TORONTO — Celebrity chef and author Jamie Oliver, along with members of the Stop Marketing to Kids Coalition and other health experts, recently discussed the need for drastic improvements in Canada’s nutrition landscape and developed long-term strategies in support of healthier Canadian families.
Panel members included Geoff Craig, CMO of Heart and Stroke Foundation; Dr. Jan Hux, CSO of Canadian Diabetes Association; Dr. Tom Warshawski, chair of Childhood Obesity Foundation; senator Nancy Green Raine; and Nathan Sing, youth advocate. The session was moderated by Nick Saul, president and CEO of Community Food Centres Canada.
Strategies included restricting food-and-beverage marketing to kids, implementing a levy on sugary beverages, improving nutrition labels, establishing healthy choices in schools and investing in indigenous food programs and better food education.
“We know more than 90 per cent of food decisions in the household are driven by children,” says Craig. “The ‘nag factor’ does not come out of nowhere — it is driven by marketing messages. It is not a fair fight for parents. Winning the battle for harmony often means losing the battle for health.”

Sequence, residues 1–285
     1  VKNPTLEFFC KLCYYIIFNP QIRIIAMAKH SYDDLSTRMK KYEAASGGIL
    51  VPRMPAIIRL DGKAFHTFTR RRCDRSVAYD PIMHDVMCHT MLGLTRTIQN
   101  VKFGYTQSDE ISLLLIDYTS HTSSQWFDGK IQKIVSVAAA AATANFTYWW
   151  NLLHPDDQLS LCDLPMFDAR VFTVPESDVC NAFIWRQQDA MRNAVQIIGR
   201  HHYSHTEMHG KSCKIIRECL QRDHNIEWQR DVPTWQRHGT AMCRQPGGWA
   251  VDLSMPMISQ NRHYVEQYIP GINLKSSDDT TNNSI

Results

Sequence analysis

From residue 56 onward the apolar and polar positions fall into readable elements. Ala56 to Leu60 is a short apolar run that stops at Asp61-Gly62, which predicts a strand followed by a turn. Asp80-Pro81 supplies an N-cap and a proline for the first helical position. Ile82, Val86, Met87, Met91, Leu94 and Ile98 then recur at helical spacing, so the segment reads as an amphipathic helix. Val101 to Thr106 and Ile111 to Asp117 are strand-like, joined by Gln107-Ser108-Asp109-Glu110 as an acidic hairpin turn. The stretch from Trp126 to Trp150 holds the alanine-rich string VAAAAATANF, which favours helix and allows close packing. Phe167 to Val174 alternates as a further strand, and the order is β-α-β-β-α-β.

Jamie Oliver spoke about the dire need for new initiatives concerning childhood nutrition and obesity and reiterated health minister Jane Philpott’s mandate on restricting marketing to kids. He also expressed his hope that Canada captures the opportunity to be a global leader in nutrition policy, pointing out that the country is on the brink of something huge. The initiative “can’t be good. It has to be fantastic,” says Oliver.